Managing New York Ocean Resources:  Connecting Science and Policy

Save the date: October 18, 2014, at Hofstra University in Queens, New York.

According to an email from a contact at Stony Brook University: As directed by the National Ocean Policy, Regional and New York Ocean Action Plans and Ocean Assessments are being drafted that will protect and guide management of marine resources now and in the future. The New York Marine Sciences Consortium will host a meeting to gather input from the scientific community, policy makers, other stakeholders and the general public to inform these action plans and assessments. Conference participants' input will be used to develop recommendations and identify critical knowledge gaps regarding ocean-related human uses, natural resources, and cultural factors. The NY Marine Sciences Consortium will use this information to produce a meeting report that will be presented to New York State and to the Mid-Atlantic Regional Council on the Oceans to guide development of the Action Plans and Assessments. Click here and choose ‘Annual Conference’ for more information. 

Additionally, for those interested in coastal policy issues, related social science issues, and marine science, the conference planners are seeking input on conference design, including break-out session topics. To provide input, please fill out the online questionnaire by September 12th.

Appalachian Public Interest Environmental Law (APIEL) Conference

October 17 to 19, 2014, at University of Tennessee College of Law in Knoxville, Tennessee.  

According to an email from Will Mazzota, President of the University of Tennessee law school's Environmental Law Organization: APIEL is a regional conference designed to bring attorneys, activists, policymakers, funders, philanthropists, students, and scientists together from across the greater Appalachian region. It is a vehicle to advance the most pressing environmental and public interest causes of our time; it will offer a chance to attend a wide selection of workshops and seminars led by lawyers, activists, and scientists. The workshops will cover a broad range of environmental public interest topics, including some topics of concern to land use practitioners and scholars. Topics include fracking, immigration, nuclear weapons, mountain top removal, and enforcement of the Clean Water Act.

It appears that APIEL may provide some travel stipends and food during conference events to attendees who need financial support.

Register for the event here. For more information about the conference, see APIEL's website

Fifth Annual WVU College of Law National Energy & Sustainability Moot Court Competition

Registration is open now for the March 12-14, 2015 competition in Morgantown, West Virginia.

An email from Jamie Van Nostrand, Associate Professor and Director of WVA's the Center for Energy and Sustainable Development, describes this national competition as featuring problems that focus on current issues facing the energy industry. Past problems have been based on energy and sustainability issues associated with the gulf oil spill; the nuclear incident at Fukushima Daiichi; shale gas development and the Clean Air Act; and the intersection of the Clean Air Act, the Clean Water Act and common law nuisance claims associated with utility power plants.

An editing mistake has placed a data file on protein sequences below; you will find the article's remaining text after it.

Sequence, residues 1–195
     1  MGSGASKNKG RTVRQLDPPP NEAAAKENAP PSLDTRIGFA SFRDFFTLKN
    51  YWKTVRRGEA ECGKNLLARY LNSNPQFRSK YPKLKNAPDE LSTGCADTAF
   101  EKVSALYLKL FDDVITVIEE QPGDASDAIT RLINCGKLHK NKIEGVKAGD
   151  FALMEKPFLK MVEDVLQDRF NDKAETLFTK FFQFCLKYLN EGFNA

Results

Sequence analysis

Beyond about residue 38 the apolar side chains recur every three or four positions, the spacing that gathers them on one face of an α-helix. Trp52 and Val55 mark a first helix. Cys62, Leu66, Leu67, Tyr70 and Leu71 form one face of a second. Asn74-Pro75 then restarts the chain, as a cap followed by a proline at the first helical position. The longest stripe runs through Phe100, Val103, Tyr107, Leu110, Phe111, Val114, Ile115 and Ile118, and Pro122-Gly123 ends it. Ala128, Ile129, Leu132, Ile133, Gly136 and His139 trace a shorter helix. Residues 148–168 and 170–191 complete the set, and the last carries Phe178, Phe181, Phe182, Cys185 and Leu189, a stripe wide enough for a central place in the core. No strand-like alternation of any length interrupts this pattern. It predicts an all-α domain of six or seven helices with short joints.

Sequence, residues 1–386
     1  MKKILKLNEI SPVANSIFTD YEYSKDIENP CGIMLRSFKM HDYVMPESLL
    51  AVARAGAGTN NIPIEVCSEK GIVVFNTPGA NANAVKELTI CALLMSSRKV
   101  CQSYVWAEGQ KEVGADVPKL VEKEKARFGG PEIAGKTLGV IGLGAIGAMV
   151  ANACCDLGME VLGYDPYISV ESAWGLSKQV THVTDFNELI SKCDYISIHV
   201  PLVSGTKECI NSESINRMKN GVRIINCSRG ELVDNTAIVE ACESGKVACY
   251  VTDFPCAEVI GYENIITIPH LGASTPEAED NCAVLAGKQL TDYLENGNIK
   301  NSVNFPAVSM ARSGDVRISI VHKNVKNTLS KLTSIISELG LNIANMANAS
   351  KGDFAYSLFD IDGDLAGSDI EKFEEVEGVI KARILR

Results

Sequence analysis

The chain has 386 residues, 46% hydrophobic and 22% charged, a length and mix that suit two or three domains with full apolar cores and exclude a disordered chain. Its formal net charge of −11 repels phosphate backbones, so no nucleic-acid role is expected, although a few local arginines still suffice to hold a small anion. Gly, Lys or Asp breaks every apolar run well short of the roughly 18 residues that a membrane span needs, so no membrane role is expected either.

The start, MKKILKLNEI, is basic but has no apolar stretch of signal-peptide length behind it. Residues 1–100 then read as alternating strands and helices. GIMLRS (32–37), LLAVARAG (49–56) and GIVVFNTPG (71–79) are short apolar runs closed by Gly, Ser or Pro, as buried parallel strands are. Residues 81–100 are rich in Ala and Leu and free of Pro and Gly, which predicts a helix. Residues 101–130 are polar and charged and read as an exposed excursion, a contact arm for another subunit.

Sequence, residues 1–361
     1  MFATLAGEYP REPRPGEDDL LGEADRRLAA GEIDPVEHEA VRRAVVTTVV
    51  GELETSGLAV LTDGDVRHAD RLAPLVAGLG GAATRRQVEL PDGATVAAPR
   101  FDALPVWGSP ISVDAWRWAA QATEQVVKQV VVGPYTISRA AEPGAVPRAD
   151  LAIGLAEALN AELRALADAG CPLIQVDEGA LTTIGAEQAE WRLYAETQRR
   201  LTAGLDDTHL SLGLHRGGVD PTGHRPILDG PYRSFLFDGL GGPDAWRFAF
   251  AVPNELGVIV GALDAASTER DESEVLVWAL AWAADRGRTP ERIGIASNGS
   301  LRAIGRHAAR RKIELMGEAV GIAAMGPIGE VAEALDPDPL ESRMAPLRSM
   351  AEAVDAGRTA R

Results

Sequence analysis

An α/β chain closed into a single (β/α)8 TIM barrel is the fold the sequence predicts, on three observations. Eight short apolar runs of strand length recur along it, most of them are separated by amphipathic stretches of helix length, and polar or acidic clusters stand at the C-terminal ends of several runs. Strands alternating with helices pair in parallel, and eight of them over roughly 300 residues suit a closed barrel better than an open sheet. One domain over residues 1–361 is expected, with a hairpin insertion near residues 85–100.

Register here. Registration closes on January 5, 2015, and is limited to the first forty teams. Interested schools or student groups can contact Professor Van Nostrand (james.vannostrand@mail.wvu.edu, (304)293-4694) or Samantha Stefanov, Program Assistant (samantha.stefanov@mail.wvu.edu, phone (304)293-0064) with questions.

 

Posted by Professor Sarah J. Adams-Schoen, Director of Touro Law's Land Use & Sustainable Development Institute. You can follow the Institute's blog here, and contact Professor Adams-Schoen by email or phone (sadams-schoen@tourolaw.edu, (631)761-7137).

September 2, 2014 in Clean Energy, Coastal Regulation, Conferences, Environmental Law | Permalink | Comments (0)

Wednesday, June 11, 2014

Congress of New Urbanism (courtesy of Yelp!)

Last week, Buffalo hosted the 22nd Congress for New Urbanism. With a constrained conference budget, I was planning on just scoping out the (numerous) public events. Then conference funding came through from a surprising source. I actually won free conference registration via Yelp! (yes it pays to  be elite). I am not sure what it says about academia when we have to look to social media to help with our research funding but I was happy to get in the door!

CNU 22 was a mixture of the inspirational and the mundane. It was amazing to see people from all over the country (and particularly so many from Buffalo) coming together to think about how to improve your communities. I bathed in the local pride (feeling the Buffalove as we say around here) and heard inspiring tales about efforts in Toronto, Minneapolis, DC, and Milwaukee. But nothing was actually radical. In some ways this is an encouraging story. It no longer seems crazy to argue that suburban sprawl is destroying community. I really didn't need convincing that we should have more walkable or bikable cities. There seems to be general agreement on what elements make for a thriving urban environment and largely agreement from the attendees on how to get there (community involvement, form based codes, economic development). Thus, while I enjoyed myself and met some fascinating folks I left the conference with an empty notebook. Maybe I just attended the wrong sessions, but I wonder what types of legal changes we might need, what type of property tools we can use, and of course who is gonna fund it all. Any suggestions?